'Intense negotiations' are underway as thousands of nurses across the country threaten to strike over pay conditions

Sky News, 5 July 2023

Thousands of nurses across the country are threatening to walk off the job, including in New South Wales as the state government scrambles to reach an agreement over better pay.

Health workers across the country are threatening to strike unless wages meet demand. 
In New South Wales, health workers are threatening to strike unless the state government agrees to increase the pay offer to public servants.

A one-year four per cent pay rise, plus 0.5 per cent superannuation has been offered by Labor to public sector unions.

However, members of the Health Services Union are calling for super to be increased by six-and-a-half per cent.

The union has given the Minns government until Friday to agree to the deal, before promising to begin industrial action on Monday if the changes are not made. 

Speaking at an annual conference on Tuesday, HSU NSW Secretary Gerard Hayes called on the state government, who the union fought to be elected, to confirm its position on whether it will accept the pay increase. 

“This government needs to get their s**t together pretty darn quickly because if they don’t, we’re coming for them and the next election is not too far away,” Mr Hayes warned. 

“This is a starting point, this is not the end game. I have shown you how the words of some mean nothing but the force of this union means a lot.

"We don’t have asks of politicians, we have requirements.”

Speaking to Sky News Australia on Wednesday, NSW Acting Premier Prue Car said the union is "advocating for its members as we expect them to do" and the government is "working through those issues". 

"We are determined to get rid of the wages cap that the previous government had in place for more than a decade, and to make sure we value essential frontline workers, like those amazing HSU members by giving them a pay rise," she said. 

"What they've been offered is the biggest pay rise that they've been offered in a decade."

However, when asked if she will look to increase what the government has already offered, Ms Car declared "our government is working really closely with the union on negotiating through that".

"We hope to be able to land in a position where we come to an agreed outcome...(the government) is in intense negotiations at the moment," she said.

Meanwhile, nurses in Tasmania are also threatening to commence industrial action over better pay. 

The Australian Nursing and Midwifery Federation Tasmanian branch secretary Emily Shepherd said nurses and midwives will strike if the government does not present a formal offer by Friday. 

"We have written to the Government asking for a formal offer in writing, following over 6 months of negotiations for a replacement Nurses and Midwives (Tasmanian State Service) Agreement, by this Friday 7 July," Ms Shepherd told Skynews.com.au.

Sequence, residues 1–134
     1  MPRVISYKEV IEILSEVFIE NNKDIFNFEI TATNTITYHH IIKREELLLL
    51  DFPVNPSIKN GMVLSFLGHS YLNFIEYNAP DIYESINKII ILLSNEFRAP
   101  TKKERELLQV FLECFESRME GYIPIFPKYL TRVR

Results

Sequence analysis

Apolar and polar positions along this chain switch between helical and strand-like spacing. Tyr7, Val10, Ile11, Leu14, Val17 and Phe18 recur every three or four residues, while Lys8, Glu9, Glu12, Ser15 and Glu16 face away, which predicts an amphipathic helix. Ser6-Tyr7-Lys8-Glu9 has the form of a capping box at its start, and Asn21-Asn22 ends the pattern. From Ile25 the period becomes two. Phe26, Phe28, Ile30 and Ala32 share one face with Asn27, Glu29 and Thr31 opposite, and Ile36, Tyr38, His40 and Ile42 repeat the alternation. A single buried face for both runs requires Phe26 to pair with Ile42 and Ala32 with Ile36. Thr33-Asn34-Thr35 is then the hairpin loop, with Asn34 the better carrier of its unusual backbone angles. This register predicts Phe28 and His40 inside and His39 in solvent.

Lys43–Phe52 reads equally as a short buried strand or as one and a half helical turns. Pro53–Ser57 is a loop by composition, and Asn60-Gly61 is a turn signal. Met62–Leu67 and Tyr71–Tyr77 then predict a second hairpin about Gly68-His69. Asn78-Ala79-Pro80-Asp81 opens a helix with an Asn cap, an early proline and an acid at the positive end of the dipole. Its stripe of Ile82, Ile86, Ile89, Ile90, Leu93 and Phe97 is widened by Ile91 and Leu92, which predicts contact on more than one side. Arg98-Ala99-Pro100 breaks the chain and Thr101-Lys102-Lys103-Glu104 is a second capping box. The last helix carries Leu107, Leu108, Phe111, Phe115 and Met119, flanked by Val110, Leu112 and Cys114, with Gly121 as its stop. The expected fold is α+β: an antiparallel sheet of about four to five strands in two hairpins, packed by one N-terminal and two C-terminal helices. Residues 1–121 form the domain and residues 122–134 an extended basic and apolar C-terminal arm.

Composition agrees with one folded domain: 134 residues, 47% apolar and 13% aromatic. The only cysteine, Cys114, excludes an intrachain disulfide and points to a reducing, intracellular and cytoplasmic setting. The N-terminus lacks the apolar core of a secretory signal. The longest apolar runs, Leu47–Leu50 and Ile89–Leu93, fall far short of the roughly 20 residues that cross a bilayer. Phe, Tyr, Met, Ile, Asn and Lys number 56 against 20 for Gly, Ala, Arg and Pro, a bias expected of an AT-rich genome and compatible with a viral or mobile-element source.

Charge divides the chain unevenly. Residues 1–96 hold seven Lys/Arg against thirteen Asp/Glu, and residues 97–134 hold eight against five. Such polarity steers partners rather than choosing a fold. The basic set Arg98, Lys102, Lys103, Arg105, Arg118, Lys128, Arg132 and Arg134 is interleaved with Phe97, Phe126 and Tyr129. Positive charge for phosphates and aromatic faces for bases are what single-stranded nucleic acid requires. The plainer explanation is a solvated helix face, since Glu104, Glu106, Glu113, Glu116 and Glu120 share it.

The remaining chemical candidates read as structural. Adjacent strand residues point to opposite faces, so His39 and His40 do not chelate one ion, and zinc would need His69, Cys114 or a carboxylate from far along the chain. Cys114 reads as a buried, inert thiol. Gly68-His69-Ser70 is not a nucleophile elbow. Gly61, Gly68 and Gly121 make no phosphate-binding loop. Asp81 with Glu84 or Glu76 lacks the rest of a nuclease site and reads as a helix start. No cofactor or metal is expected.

"ANMF have indicated that we will then meet with members to formalise their requests to commence industrial action.

"Preliminary advice from members is that members want to undertake strike action until such time as the Government table an offer the appropriately recognises the existing workforce and will enable recruitment."

It comes after AMA Tasmania called on the government to increase wages so the island state could attract and retain young health care workers, who are currently seeking better opportunities on the mainland.

However on Wednesday, AMA Tasmania announced doctors in public hospitals had finally reached an agreement with the state government following "lengthy negotiations". 

Lead negotiator Dr Michael Lumsden-Steel welcomed the "Tasmanian Governments Salaried Medical Practitioners EBA" offer to recruit and retain more workers. 

"To say that we are relieved is an understatement; to have achieved such a sensible, comprehensive, and sustainable investment into the SMP workforce means we can now recruit and retain competitively with other states," Dr Lumsden-Steel said in a statement on Wednesday. 

“One of the critical features of these negotiations has been ensuring we are in the best possible position to attract and retain our intern and doctor-in-training workforce – the senior specialist and general practitioners’ workforce of our future, who have been alarmingly en masse moving to other states."

Health workers across the country have threatened industrial action in their respective states in recent months, with growing concerns the industry is being left behind. 

On Tuesday, hundreds of South Australian allied health workers walked off the job calling for better pay and conditions.

The Health Services Union in South Australia claimed a lack of fair pay has caused workers to abandon the public system.